If the process can be scaled up to produce wire and thread in real quantity, as in by the mile, then we are going to see some really serious changes in materials pretty soon.  One of the ways to make composites stronger is to make the fibers thinner and longer.  Another way is to include fibers of different material to get different properties included in the cloth.  How about a rope that is spun from fibers only 800 nanometers across?  How about a fiber optic cable with like a billion threads in it?  That's some serious business.

The Thready Phantom

Wednesday, February 06, 2008

Recycling and why it sucks.

Every once in a while an article comes by that just perfectly encapsulates my thinking on a subject.  Here we have one of those perfect articles.

For a long time now I've quietly resisted recycling.  It seems to me that if I'm paying for garbage collection, then I should get garbage collection.  You know, where they come and take the garbage away.  Should anyone wish to sort through what I have paid hard money to have hauled off in the hopes of making a buck on it, they have my blessing.  But if I am going to be required to use my time and energy to pre-sort so that somebody else's job is easier, I expect to get paid for it.  Like, apply the profit from the sale of recyclable material to lower my garbage collection bill.  More fool am I!  They increase my taxes and reduce the service instead, Hamilton is going to go to one-bag-per-week collection rules.

Strangely, I find this irritating.

When I complain about the foul nature of government mandated recycling, people always tell me about Sweden.  Northern eco-paradise where everyone recycles and all is bliss and love.  Or not.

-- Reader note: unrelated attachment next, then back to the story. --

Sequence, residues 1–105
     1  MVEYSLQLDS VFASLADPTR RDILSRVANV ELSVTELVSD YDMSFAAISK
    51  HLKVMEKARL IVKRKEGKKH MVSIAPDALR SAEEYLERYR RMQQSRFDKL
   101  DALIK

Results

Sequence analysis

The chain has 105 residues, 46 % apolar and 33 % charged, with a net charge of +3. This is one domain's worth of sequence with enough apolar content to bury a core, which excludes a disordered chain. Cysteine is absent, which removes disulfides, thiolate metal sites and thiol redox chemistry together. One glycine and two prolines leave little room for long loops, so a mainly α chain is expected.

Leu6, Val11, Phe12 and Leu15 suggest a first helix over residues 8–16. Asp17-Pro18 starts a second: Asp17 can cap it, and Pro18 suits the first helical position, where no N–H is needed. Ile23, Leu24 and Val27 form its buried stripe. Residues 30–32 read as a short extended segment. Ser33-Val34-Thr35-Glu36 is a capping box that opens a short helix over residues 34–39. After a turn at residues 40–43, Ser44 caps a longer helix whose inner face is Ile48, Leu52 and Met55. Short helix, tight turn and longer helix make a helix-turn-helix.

The way it has been presented to me, Sweden has succeeded with what most other governments at best dream about: creating an efficient and profitable national system for saving the environment through large-scale recycling. And the people are all in on it! Everybody's recycling.

The latter is actually true: everybody is recycling. But that is the result of government force, not a voluntary choice.
So, how's that working out for them?

Economically, Swedish recycling is a disaster. Imagine a whole population spending time and money cleaning their garbage and driving it around the neighborhood rather than working or investing in a productive market! According to the government's books, more money flows in than flows out; therefore recycling is profitable. But this ignores the costs of coercion.

The government bookkeepers also take advantage of the cost cuts they have been able to realize through centralizing the garbage collection system. These "cuts," however, are mostly cuts in service, whereas rates for consumers have been increased. A recent problem with the garbage-collection centers is that the containers aren't emptied very often (a typical example of government "savings") and thus remain full, which means that people's garbage piles up next to the overflowing containers while the government contractors sit idle: they are only paid to empty the containers on schedule, not to pick up the trash sitting next to these containers. The result? Disease and rats. Newspapers have been reporting on a "rat invasion" in Stockholm and in other Swedish cities in recent years.

If we consider the costs in monetary terms, in terms of wasted time, and in terms of increased emissions from automobiles, this is hardly environmentally friendly. Adding the annoyance and the increased risk for disease, Swedish recycling is at least as disastrous as any other government scheme.

Just about as expected, then.

So the next time some good hearted soul chides you about not sorting your glass from your plastics, tell them about the Great Swedish Rat Invasion.

The Phantom Recycling Denier.